Thesis ID: CBB670049791

Unsettling Biomedicine: Research, Care, and Indigenous Rights in Cold War Alaska (2018)

unapi

Lanzarotta, Tess (Author)
Rogers, Naomi (Advisor)


Yale University
Rogers, Naomi


Publication Date: 2018
Physical Details: 432 pp.
Language: English

This dissertation maps the relationships that took shape between biomedical research, medical care, and Alaska Native self-determination over the course of the Cold War. I argue that Cold War biomedicine in Alaska can best be understood as an industry, one that was constituted through various forms of biomedical labor. In taking this approach, this dissertation demonstrates how biomedicine in Cold War Alaska was figured both as a tool for colonial biopolitical governance and as a site from which Alaska Native peoples could exercise self-determination. Beginning in the late 1940s, when the polar regions took on a new Cold War strategic importance, biomedical researchers flocked to Alaska to study its environments and peoples. This surge in research became part of Alaska's emerging colonial economy. Alaska Native peoples labored as research subjects, and American biomedical researchers and health officials claimed that their work could make Alaska Native bodies healthy and fit to serve as an industrial workforce. In doing so, they aimed to enroll Alaska Native peoples as participants in their own territorial dispossession, both by literally removing them from their lands through mass hospitalization campaigns and by refiguring their relationship to the land in terms of wage labor. However, in the 1960s, a powerful Alaska Native activist movement rose up in response to territorial dispossession and economic exploitation, and began to argue that medical care for Alaska Native peoples should be controlled by Alaska Native communities. This activism culminated in the passage of the 1971 Alaska Native Claims Settlement Act (ANCSA), the largest land claim in American history, which led to the creation of thirteen for-profit Alaska Native Regional Corporations. Instead of gaining land rights or tribal membership, Alaska Native peoples were enrolled as shareholders in these corporations. Alaska Native Regional Corporations were tasked not only with generating profits, but also with providing healthcare and social services to the Alaska Native peoples who lived in their respective regions. As a consequence, increased access to healthcare became one of the primary dividends of ANCSA, and the most immediate way in which many Alaska Native peoples experience the benefits of self-determination. Observing the rise of Alaska Native self-determination, biomedical researchers, social scientists, and anthropologists turned their attention to "acculturation," a form of psychic distress that was thought to be indicative of cultural erosion in colonial contexts. This body of research, I argue, was intended to show that Alaska Native peoples were incapable of engaging in capitalist enterprise without experiencing severe psychological consequences. Indigeneity has often been cast as incommensurable with capitalism. Scholars have demonstrated that certain economic activities, particularly those that are highly profitable, are seen as anathema to the maintenance of authentic Indigenous identities. My research demonstrates that this debate, usually framed in terms of law, land, and culture, has been fundamentally shaped by biomedicine. In Alaska, where the preservation of Alaska Native self-determination has depended upon continued economic success, debates surrounding the impact of capitalism on physical, mental, and spiritual health had particularly high stakes. American colonial biomedicine aimed to construct the relationship between biomedical and economic indigeneity in specific ways, but Alaska Native peoples contested these constructions and found ways to engage with biomedical enterprise on their own terms. By the 1980s, Indigenous activists across the circumpolar regions had begun to contest the practices and priorities of biomedical research in the Far North. They pressured biomedical researchers to respond to the needs of Indigenous communities and to respect new sets of ethical expectations. Initially, researchers were eager to respond to these demands and to frame their work as ethically unproblematic. However, these initial changes did little to disrupt the power structures of biomedical research and were held up as insufficient by Alaska Native political leaders. In an effort to consolidate complete control over biomedicine, Alaska Native health organizations gradually began to fund and control their own medical research divisions, and to conduct their own ethical review processes, with the intention of improving Alaska Native peoples' health. But the practices of these organizations, and the systems of biomedical labor that they produce, have sometimes borne a troubling resemblance to the very patterns of colonial research that Alaska Native activists had protested against. Cold War biomedicine, this project suggests, not only produced biomedical knowledge in colonial spaces, but sets of formations and relationships between institutions of research, care, and ethics that have profoundly impacted how contemporary biomedicine enrolls individuals as patients and subjects.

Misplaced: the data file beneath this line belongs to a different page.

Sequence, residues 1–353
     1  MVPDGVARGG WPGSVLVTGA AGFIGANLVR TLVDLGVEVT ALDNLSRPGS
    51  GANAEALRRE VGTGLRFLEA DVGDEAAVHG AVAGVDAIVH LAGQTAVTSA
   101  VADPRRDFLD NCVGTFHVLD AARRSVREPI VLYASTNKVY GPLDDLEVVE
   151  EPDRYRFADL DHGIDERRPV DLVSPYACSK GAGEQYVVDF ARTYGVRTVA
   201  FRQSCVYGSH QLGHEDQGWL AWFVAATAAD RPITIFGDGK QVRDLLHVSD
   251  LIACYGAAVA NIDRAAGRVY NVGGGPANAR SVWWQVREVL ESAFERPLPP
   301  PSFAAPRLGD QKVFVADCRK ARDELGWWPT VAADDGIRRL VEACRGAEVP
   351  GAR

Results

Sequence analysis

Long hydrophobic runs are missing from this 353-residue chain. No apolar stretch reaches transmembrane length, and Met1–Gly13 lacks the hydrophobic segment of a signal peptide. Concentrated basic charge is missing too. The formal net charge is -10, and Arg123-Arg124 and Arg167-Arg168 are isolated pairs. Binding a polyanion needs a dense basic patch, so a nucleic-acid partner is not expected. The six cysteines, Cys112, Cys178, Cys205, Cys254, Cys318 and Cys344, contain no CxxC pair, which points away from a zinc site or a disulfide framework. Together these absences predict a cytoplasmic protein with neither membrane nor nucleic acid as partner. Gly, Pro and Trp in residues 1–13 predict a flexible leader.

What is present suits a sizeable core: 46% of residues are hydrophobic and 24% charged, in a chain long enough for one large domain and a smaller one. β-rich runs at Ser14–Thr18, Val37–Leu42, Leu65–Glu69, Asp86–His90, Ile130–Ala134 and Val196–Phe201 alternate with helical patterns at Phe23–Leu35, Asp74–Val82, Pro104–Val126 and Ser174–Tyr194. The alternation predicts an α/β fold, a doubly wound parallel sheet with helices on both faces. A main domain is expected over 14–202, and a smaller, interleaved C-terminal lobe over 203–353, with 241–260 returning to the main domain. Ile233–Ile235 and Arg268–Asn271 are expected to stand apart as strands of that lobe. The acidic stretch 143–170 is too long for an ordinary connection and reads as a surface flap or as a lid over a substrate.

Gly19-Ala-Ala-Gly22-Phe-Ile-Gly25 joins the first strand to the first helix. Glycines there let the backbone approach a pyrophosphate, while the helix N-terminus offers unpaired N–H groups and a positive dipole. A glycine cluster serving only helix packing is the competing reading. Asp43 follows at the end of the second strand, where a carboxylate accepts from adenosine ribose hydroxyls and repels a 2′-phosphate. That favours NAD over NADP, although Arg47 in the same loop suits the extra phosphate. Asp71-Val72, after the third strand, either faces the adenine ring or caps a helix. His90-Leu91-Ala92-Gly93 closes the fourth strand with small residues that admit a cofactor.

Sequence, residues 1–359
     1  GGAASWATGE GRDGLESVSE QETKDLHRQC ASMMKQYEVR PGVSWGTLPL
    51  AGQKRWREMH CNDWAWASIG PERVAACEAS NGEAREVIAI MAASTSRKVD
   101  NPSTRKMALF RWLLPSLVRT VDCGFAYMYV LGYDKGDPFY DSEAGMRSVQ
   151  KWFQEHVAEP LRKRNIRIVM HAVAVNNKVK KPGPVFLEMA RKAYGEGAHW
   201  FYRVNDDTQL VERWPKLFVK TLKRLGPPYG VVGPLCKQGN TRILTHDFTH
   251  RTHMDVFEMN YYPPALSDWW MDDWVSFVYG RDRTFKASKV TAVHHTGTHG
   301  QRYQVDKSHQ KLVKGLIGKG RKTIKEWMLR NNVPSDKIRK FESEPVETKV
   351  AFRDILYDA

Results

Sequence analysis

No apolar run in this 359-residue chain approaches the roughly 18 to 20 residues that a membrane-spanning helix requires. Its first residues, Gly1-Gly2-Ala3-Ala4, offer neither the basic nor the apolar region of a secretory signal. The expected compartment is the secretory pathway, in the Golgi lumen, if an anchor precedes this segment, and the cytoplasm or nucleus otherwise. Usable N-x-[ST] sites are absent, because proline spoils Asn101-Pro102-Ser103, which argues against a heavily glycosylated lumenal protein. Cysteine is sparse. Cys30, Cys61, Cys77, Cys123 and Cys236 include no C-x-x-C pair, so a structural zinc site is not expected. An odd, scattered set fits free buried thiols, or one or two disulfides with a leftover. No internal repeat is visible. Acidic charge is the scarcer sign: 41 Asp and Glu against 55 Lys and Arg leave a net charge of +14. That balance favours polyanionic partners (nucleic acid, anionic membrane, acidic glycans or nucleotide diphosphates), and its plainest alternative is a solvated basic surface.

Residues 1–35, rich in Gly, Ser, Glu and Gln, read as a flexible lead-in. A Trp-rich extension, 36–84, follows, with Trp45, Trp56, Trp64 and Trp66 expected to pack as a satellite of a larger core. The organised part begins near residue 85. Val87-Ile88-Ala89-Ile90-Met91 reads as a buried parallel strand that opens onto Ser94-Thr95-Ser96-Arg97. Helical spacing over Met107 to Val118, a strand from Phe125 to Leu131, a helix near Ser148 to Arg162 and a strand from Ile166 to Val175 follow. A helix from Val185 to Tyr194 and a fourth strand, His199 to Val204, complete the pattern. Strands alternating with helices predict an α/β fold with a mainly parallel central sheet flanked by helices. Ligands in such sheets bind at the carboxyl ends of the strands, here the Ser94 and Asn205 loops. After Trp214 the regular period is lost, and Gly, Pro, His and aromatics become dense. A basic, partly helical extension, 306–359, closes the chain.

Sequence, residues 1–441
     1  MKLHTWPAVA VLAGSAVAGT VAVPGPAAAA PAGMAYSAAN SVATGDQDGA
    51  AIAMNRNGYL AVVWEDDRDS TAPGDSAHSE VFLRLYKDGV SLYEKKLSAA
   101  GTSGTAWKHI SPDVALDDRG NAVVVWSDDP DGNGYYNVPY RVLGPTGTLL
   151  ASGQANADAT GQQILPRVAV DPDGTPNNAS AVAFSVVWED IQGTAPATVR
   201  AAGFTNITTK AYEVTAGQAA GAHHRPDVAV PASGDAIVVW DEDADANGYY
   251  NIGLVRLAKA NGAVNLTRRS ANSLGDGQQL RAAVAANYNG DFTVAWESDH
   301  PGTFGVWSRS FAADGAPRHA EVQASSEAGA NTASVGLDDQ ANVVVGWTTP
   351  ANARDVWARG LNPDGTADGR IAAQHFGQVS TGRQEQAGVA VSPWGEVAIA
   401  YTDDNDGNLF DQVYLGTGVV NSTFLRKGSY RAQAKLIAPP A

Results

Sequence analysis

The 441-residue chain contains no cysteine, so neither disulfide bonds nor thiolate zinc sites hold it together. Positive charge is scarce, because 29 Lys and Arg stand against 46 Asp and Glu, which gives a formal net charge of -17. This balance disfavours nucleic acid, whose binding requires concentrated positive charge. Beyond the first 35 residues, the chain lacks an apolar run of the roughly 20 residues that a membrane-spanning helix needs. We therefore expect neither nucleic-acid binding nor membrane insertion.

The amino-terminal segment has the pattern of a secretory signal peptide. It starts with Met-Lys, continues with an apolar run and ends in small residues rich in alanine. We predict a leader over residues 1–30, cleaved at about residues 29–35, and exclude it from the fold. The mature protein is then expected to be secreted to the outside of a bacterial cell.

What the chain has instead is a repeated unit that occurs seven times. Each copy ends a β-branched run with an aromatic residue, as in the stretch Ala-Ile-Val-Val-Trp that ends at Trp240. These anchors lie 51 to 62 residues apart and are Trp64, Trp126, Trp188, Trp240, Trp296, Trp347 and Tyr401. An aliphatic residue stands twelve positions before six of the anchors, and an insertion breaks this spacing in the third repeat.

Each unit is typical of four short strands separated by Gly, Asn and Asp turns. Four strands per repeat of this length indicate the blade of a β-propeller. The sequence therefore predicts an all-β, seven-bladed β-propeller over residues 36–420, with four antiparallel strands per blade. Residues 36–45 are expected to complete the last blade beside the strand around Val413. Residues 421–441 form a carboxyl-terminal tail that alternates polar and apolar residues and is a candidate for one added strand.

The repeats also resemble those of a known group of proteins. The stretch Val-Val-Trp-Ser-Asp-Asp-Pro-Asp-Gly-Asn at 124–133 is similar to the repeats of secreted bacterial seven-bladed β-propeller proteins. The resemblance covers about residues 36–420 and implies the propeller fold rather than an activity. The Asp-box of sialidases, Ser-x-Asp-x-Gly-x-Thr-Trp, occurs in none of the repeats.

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Citation URI
http://data.isiscb.org/isis/citation/CBB670049791/

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Authors & Contributors
Duncan, James S.
Heaton, Matthew M.
López-Beltrán, Carlos
Deister, Garcia Vivette
Sideri, Katerina
Cobb, Charles R.
Journals
História, Ciências, Saúde---Manguinhos
Historical Studies in the Natural Sciences
Cataloging & Classification Quarterly
Health and History
Studies in History and Philosophy of Science Part C: Studies in History and Philosophy of Biological and Biomedical Sciences
History of Science
Publishers
Ashgate
Ohio University Press
Routledge
University Press of Florida
University of Manitoba Press
Duke University Press
Concepts
Indigenous peoples; indigeneity
Colonialism
American Indians; Native Americans; First Nations of the Americas
Biopolitics
Science and race
Biomedicine
Places
Canada
Hawaii (U.S.)
United States
Citizen Band Potawatomi Indian Tribe of Oklahoma
Sri Lanka
Nigeria
Times
20th century, late
21st century
19th century
18th century
20th century, early
17th century
Institutions
National Health Service (Great Britain)